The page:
Émile Zola’s Climate History of the Second Empire





Rougon-Macquart, climate, milieu, Hippolyte Taine, global warming


      This article looks at Émile Zola’s novel cycle Les Rougon-Macquart and argues that it describes its subject, the Second Empire, as a warming climate tending toward climate catastrophe. Zola’s affinity to the notion of climate is shown to be linked to his poetic employment of the concept of ‘milieu’, inspired by Hippolyte Taine. Close readings of selected passages from the Rougon-Macquart are used to work out the climatic difference between ‘the old’ and ‘the new Paris’, and the process of warming that characterises the Second Empire. Octave Mouret’s department store holds a special place in the article, as it is analysed through what the article suggests calling a ‘meteorotopos’: a location of intensified climatic conditions that accounts for an increased interaction between human and non-human actors. The department store is also one of the many sites in the novel cycle that locally prefigure the ‘global’ climate catastrophe of Paris burning, in which the Second Empire perishes.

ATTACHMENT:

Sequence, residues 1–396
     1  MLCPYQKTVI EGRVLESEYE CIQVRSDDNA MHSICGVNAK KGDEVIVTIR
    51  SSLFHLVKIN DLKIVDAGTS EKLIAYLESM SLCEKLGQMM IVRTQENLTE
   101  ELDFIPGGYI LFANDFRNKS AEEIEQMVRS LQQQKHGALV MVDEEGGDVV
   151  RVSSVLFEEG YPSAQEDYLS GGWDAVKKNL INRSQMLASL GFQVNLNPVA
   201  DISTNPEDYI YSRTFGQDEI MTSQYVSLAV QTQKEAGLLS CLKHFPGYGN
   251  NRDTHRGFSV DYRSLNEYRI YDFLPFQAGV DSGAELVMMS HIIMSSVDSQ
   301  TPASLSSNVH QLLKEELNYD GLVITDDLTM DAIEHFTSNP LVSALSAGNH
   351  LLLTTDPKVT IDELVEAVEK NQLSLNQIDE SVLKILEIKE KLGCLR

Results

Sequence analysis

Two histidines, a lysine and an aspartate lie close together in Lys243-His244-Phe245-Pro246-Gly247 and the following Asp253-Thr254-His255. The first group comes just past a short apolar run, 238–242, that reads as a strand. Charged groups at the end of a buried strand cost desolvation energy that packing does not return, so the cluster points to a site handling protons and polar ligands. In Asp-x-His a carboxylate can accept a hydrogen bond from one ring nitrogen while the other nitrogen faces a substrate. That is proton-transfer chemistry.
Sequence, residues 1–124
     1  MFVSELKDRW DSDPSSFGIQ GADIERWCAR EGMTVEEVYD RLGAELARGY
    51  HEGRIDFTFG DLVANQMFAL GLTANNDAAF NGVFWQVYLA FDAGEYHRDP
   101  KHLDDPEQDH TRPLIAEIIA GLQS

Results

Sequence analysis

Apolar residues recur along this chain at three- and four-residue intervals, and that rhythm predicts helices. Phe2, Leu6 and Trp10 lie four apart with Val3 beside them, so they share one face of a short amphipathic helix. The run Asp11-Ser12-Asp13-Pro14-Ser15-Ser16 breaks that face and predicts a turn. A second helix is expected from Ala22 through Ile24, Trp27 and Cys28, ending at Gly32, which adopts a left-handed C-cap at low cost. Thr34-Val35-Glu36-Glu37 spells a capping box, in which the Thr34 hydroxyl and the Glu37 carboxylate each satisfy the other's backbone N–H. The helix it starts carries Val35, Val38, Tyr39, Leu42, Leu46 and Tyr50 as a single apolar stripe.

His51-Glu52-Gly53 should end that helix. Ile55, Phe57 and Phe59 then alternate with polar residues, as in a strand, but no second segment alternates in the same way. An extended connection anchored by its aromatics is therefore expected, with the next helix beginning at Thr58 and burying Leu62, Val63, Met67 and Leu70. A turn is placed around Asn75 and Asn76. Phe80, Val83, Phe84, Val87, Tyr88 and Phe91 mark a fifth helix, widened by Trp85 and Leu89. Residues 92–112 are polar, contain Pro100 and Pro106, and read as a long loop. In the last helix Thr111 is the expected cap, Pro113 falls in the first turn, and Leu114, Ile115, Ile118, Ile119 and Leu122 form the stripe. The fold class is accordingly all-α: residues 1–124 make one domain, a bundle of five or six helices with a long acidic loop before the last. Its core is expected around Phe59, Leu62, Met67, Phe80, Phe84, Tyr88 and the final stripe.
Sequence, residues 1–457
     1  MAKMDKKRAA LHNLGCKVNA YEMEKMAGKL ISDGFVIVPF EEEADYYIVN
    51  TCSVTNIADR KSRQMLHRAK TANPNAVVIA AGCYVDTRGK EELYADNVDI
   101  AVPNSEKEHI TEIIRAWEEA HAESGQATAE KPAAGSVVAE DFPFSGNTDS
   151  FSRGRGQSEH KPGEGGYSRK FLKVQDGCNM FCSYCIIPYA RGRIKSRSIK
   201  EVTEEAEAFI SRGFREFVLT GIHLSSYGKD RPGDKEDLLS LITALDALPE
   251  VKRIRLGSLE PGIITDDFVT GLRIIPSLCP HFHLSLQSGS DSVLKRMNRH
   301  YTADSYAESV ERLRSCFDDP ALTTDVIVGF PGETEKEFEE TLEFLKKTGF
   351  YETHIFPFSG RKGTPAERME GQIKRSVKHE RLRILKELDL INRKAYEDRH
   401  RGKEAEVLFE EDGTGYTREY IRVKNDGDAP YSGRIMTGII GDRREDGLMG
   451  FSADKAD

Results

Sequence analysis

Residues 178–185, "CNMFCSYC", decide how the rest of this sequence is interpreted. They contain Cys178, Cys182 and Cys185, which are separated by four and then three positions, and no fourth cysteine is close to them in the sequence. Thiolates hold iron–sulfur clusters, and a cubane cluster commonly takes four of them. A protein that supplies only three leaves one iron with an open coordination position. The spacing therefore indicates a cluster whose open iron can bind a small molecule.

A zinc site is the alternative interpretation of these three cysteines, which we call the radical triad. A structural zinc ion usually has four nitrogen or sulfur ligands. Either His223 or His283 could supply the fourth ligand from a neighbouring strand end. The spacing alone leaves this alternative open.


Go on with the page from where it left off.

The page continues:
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Author Biography

Johannes Ungelenk, University of Potsdam

Johannes Ungelenk is Junior professor of Literary Theory and Comparative Literature at the University of Potsdam, Germany. He is the author of Literature and Weather. Shakespeare – Goethe – Zola (De Gruyter, 2018).






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